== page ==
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dc.contributor.authorSewell, T. G.
dc.date.accessioned2010-09-24T02:26:11Z
dc.date.available2010-09-24T02:26:11Z
dc.date.issued1947
dc.identifier.urihttps://hdl.handle.net/10182/2591
dc.description.abstractTussock Grassland is the indigenous grassland of New Zealand. It occupies an area of some 14,000, 000 acres of which approximately 13,000,000 acres occur in the South Island. Originally tussock grassland occupied most of the land on the eastern side of the Southern Alps to the coast. Most of the Lowland Tussock Grassland has been cultivated and sown to pastures or to crops, but the Montane Tussock Grassland together with Sub-alpine and Alpine areas remain more or less in their original form modified by grazing and burning. The Montane Tussock Grassland occupies an area of some 6,000,000 acres or approximately one-seventh of the occupied land of New Zealand and extends from the average limit of the heavy western rainfall forest to the cultivated pastures of the foothills and plains. From Marlborough to Southland on the eastern side of the Southern Alps, Montane Tussock Grassland stretches in an almost unbroken belt, interrupted here and there by forest mainly of Southern Beech (Nothofagus). The Montane Tussock Grassland provides a natural pasturage for the flocks of the high-country runs. But in addition, most of these runs have available sub-alpine and alpine areas where sheep graze during the summer months. However, the carrying capacity is determined by the available, relatively snow-free country during the winter months in the Montane belt. This thesis is a study of the principal tussocks and grasses of Montane Tussock Grassland. Studies were conducted in the Waimakariri River Basin in the vicinity of Cass and Craigieburn where rainfall is moderate and rabbits are practically non-existent. Plants were pegged for regular measurements; enclosures were erected and plots were laid out to compare changes in the density of cover and botanical composition between grazed and ungrazed plots; measurements were made on the effect of burning on the principal tussocks. These studies were made between September and June, 1946-1947.en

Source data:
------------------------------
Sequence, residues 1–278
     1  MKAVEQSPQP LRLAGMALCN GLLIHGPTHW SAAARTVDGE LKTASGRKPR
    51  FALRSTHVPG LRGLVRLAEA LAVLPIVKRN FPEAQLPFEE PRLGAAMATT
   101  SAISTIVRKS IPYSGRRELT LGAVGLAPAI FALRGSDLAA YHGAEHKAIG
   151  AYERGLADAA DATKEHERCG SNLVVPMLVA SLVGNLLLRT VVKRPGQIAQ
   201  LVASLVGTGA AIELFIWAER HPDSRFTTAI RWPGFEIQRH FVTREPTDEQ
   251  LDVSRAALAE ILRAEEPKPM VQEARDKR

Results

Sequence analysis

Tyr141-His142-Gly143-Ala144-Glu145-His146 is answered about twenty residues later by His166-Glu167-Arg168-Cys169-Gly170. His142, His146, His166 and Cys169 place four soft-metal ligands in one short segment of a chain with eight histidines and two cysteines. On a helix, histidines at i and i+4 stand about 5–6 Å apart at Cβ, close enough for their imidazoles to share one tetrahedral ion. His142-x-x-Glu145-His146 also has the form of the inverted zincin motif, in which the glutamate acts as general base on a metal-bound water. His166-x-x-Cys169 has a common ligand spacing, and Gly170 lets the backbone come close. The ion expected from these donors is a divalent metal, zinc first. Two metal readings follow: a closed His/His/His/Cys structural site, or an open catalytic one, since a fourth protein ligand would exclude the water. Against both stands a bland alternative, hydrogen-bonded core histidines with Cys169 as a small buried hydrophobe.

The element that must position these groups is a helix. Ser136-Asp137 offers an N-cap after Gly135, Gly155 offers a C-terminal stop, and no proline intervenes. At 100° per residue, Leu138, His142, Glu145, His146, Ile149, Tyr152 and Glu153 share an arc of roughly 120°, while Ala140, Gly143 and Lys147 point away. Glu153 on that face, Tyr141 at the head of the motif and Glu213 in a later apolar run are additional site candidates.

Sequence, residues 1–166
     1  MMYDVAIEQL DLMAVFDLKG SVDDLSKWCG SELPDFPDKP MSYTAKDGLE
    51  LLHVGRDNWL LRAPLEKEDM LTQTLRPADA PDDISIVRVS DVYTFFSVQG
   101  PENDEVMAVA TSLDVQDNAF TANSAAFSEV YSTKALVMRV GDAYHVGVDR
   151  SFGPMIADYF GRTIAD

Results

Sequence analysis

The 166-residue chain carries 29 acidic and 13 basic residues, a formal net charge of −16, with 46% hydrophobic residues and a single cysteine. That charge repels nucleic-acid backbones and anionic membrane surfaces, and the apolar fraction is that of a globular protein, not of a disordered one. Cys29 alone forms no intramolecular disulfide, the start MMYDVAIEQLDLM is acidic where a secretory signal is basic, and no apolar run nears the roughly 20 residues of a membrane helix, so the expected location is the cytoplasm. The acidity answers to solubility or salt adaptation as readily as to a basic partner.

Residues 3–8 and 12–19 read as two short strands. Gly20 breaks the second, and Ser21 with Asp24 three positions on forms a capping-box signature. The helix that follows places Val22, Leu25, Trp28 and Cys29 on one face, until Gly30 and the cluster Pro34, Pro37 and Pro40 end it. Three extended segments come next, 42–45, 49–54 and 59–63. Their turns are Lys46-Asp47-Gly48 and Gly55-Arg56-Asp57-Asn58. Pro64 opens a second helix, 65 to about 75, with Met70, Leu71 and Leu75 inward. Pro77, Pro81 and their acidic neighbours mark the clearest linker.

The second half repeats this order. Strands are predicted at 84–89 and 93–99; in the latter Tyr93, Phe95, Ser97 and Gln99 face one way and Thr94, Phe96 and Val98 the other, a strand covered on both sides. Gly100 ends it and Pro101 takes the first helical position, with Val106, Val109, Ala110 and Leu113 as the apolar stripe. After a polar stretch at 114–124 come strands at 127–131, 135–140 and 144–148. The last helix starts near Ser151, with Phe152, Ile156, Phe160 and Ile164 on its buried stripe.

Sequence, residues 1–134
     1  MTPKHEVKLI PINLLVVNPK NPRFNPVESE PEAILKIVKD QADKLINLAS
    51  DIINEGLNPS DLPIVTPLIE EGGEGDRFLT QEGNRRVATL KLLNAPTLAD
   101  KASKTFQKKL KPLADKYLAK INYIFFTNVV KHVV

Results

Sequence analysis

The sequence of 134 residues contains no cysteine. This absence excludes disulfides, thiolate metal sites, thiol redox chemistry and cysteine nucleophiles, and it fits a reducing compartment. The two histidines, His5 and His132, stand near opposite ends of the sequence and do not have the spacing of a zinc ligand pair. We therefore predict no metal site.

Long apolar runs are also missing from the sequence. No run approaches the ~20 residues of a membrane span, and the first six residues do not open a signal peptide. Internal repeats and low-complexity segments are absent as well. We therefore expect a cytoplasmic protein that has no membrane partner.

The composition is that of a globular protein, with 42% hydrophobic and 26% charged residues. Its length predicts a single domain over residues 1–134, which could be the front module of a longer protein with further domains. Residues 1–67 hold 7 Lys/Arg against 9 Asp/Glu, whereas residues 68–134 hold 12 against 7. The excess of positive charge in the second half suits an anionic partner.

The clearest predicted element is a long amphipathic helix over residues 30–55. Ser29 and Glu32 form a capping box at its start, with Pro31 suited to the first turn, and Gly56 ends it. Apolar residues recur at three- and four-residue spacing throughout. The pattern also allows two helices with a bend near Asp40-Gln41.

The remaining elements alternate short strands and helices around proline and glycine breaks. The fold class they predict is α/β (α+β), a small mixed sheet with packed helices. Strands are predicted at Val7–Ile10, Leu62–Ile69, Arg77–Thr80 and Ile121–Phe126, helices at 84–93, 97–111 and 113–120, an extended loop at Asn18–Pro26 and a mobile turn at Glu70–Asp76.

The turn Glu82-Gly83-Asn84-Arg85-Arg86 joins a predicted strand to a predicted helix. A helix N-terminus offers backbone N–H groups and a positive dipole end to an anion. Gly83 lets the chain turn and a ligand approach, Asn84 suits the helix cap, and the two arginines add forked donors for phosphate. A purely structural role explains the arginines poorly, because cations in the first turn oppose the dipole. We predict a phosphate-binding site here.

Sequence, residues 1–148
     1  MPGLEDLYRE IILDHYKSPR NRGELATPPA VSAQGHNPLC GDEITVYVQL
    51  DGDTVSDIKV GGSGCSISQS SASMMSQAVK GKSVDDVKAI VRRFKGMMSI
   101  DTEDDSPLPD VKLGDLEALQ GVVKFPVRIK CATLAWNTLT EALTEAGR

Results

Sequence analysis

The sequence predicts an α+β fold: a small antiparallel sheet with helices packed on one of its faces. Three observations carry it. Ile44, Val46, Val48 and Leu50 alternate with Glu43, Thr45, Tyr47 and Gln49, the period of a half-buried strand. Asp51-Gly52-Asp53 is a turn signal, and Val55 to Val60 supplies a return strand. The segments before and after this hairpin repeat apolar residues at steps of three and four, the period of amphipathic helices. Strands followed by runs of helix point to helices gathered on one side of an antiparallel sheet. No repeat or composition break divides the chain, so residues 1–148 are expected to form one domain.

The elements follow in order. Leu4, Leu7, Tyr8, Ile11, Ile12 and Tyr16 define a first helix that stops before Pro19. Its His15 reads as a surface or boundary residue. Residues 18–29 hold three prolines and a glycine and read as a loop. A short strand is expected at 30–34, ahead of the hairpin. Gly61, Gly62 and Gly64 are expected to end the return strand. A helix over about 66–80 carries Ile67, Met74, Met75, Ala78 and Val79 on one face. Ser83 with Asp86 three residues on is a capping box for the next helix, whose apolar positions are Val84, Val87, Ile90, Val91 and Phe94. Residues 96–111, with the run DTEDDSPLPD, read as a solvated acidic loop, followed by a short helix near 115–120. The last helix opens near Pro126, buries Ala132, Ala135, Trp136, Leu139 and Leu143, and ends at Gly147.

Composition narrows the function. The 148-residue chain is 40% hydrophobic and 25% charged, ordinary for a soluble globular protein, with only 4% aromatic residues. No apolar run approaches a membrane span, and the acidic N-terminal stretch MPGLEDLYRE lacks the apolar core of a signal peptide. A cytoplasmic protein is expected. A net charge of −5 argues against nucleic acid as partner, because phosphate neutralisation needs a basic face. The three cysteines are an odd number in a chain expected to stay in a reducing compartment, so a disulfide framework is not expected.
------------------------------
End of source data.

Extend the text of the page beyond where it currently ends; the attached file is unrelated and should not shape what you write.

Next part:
dc.language.isoenen
dc.publisherCanterbury Agricultural College, University of New Zealanden
dc.rights.urihttps://researcharchive.lincoln.ac.nz/page/rights
dc.subjecttussock grasslandsen
dc.subjectmontaneen
dc.subjectvegetation changeen
dc.subjectvegetation monitoringen
dc.subjectburningen
dc.subjectpastoral farmingen
dc.subjectgrazingen
dc.titleA study of montane tussock grassland with special reference to the growth, seeding and behaviour of the principal tussocks and grassesen
dc.typeThesisen
thesis.degree.grantorUniversity of New Zealanden
thesis.degree.levelMastersen
thesis.degree.nameMaster of Agricultural Scienceen
lu.contributor.unitDepartment of Agricultural Sciencesen
dc.rights.accessRightsDigital thesis can be viewed by current staff and students of Lincoln University only. Print copy available for reading in Lincoln University Library. May be available through inter-library loan.en
dc.subject.anzsrc050104 Landscape Ecologyen
dc.subject.anzsrc070101 Agricultural Land Managementen


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